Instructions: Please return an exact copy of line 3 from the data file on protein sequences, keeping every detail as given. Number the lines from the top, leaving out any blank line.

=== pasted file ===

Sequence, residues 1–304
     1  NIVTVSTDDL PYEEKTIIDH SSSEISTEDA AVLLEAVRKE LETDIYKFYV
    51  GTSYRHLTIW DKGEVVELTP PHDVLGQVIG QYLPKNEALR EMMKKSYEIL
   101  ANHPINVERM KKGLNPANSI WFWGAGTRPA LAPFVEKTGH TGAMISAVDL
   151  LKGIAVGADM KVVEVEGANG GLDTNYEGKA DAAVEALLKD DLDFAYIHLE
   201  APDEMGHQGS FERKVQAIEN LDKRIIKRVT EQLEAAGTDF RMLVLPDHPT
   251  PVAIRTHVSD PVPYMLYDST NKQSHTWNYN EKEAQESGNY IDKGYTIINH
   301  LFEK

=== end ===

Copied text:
    51  GTSYRHLTIW DKGEVVELTP PHDVLGQVIG QYLPKNEALR EMMKKSYEIL